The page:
What happens to most cells that are cancerous?
99% of them will get rid of the original cancerous cell
Most die through apoptosis
What happens to the cancer cell that is diagnosed?
This cancer is winning the contest for nutrition
->cancer not organized tissue
.: it hoardes the nutrients
How many cancers are treatable by surgery/chemotherapy/radiotherapy?
What does chemotherapy cause?
Systemic problems
-knocks ou immune system, prevents cells in the gut from being regenerated, resulting in digestive problems, leads to hair loss, etc
What is the overall risk of mortality if you keep away from carcinogens and you monitor your health?
(33% of cancers are undetectable)
What are avoidable cancer risks?
-Poor fetal nutrition, maternal low ptn diet: childrenshould be breast fed for 6 months
-Foods high in sugar/fat. Energy dense foods and salts
-Red meats and processed meats: processed foods can contains oxyradicals, nitrites, eat mostly foods of plant origins
-Obesity, particularly lower abdominal obesity: be as lean as possible, BMI btw 21-23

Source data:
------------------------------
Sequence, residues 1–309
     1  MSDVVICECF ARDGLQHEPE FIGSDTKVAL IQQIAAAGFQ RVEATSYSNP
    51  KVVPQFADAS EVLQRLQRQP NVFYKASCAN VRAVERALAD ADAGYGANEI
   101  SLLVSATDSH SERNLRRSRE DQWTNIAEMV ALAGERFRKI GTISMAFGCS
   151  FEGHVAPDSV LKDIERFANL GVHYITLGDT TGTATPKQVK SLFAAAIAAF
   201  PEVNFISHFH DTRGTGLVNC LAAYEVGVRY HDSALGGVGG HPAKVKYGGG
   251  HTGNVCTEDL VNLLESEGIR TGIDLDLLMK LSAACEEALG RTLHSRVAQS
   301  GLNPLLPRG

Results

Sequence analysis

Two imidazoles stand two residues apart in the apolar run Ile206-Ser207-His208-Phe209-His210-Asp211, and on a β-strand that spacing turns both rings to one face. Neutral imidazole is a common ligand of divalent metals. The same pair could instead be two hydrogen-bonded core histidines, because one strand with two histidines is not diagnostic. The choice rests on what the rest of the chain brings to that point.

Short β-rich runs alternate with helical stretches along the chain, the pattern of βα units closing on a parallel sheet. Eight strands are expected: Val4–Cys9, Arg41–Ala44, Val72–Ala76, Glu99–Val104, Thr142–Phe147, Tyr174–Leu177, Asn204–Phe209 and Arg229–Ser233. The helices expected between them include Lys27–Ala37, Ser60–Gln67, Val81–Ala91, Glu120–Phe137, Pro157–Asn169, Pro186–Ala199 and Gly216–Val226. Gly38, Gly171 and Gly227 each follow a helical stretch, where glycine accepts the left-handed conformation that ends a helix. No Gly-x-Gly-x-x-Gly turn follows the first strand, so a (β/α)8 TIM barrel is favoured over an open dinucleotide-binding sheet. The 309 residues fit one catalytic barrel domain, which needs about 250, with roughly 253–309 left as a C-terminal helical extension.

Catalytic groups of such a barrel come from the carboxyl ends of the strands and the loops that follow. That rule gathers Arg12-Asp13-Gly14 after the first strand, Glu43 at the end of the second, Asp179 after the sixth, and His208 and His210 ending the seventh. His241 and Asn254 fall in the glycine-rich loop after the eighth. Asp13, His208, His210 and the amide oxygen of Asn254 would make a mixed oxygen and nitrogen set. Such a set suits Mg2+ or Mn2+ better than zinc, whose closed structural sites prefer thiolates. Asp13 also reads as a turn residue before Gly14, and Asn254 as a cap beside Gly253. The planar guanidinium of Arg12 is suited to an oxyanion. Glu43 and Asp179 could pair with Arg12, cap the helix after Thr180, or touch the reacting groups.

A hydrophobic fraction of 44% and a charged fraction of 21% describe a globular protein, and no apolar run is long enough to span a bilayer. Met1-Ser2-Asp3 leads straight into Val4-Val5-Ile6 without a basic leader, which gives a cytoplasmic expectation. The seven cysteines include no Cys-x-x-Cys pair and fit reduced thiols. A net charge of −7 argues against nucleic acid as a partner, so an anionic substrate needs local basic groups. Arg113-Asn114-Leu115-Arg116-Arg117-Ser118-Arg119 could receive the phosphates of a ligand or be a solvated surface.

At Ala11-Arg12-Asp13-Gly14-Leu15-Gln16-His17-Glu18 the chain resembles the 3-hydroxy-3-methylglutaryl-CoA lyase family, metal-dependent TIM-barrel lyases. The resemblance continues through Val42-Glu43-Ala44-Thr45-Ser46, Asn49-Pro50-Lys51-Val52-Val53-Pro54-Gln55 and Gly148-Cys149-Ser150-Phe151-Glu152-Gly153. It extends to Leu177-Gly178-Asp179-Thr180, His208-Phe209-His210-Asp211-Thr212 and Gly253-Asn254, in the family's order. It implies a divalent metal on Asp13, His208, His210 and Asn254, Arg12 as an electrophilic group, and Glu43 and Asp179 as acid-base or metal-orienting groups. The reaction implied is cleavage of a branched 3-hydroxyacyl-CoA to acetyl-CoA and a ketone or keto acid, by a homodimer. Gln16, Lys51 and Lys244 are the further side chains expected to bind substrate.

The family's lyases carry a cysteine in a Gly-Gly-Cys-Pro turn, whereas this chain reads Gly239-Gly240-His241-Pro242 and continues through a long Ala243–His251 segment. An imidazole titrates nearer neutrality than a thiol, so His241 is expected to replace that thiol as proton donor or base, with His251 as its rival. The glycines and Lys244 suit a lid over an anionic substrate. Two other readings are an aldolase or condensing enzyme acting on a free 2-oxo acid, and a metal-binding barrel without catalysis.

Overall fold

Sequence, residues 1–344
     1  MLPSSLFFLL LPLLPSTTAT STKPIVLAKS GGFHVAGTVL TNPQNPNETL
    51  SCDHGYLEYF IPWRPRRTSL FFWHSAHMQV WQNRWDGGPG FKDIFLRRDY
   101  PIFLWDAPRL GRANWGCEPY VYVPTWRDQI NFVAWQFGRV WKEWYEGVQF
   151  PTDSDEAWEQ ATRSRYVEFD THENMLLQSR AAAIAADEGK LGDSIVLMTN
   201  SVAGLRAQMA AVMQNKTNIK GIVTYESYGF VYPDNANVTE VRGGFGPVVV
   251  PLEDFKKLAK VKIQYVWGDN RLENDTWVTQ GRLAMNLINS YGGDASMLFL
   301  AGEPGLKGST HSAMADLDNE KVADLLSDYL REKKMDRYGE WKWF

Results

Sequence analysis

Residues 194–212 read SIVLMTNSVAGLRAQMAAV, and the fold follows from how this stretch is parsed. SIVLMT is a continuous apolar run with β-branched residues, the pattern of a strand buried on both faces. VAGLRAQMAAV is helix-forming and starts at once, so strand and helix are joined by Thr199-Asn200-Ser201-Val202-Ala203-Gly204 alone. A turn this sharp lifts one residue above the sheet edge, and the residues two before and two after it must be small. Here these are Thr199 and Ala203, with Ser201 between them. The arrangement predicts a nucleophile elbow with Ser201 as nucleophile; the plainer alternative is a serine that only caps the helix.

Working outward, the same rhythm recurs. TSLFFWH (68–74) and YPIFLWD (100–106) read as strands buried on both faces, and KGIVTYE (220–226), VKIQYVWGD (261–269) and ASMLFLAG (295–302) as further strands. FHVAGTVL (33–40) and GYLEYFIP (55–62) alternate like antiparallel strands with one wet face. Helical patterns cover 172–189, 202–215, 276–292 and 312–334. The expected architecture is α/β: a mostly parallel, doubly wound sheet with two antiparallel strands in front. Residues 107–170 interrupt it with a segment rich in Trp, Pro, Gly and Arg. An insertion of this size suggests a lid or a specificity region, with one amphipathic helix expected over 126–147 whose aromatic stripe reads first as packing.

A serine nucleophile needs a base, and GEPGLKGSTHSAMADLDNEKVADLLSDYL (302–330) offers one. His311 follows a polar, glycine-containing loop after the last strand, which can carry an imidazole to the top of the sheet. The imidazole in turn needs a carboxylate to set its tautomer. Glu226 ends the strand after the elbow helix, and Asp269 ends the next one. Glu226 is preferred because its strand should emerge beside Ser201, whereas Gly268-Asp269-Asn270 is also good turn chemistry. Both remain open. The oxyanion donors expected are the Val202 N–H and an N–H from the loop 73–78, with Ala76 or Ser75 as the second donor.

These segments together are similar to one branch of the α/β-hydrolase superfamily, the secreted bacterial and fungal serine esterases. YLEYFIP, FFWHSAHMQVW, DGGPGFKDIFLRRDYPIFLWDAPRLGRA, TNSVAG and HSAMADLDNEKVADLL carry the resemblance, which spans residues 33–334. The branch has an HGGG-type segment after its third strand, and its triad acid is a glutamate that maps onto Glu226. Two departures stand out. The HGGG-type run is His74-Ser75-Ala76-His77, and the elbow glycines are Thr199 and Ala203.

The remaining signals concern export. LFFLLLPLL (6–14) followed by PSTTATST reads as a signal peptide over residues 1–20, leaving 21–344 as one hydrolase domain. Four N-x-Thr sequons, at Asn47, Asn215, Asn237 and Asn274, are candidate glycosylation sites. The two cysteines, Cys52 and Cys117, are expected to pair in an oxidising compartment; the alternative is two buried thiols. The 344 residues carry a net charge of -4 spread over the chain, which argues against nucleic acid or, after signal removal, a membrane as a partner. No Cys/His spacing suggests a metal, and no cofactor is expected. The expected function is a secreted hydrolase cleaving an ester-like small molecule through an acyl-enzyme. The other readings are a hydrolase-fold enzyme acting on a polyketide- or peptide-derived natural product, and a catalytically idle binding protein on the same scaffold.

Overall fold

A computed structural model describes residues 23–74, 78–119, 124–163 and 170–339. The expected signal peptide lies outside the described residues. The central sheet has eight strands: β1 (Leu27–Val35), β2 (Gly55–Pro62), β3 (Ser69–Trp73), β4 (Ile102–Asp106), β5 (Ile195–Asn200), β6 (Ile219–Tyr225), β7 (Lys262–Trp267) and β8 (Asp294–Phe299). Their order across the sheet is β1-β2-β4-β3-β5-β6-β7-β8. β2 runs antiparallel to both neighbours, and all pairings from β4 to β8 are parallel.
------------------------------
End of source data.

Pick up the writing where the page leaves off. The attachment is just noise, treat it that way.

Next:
-Carcinogen exposuse: minimize exposure to moulds in cereals and legumes, which contain mutagenic toxins
-Sedentary lifestyles: be physically active everyday
-Alcoholic drinks in excess of 30gm Ethanol/day
-Tobacco products in all forms
Is immune surveillance important?
Incidence of cancer 100fold in ppl with not T cells (DiGeorge's syndrome)
Without CMI, the growth rate of cancers is extermely fast
Lack of NK cellsmacrophages bad
Grafted ppl taking anti-rejection drugs also have increased risk of cancer
Describe malignant cells.
-No factor dependent growth regulation
-Loss of contact inhibition of growth: will keep growing
-Surface independen growth in suspension: will grow anywhere, don't need basement mb/anchor of tissue, etc
-High mitotic index (S Phase fraction)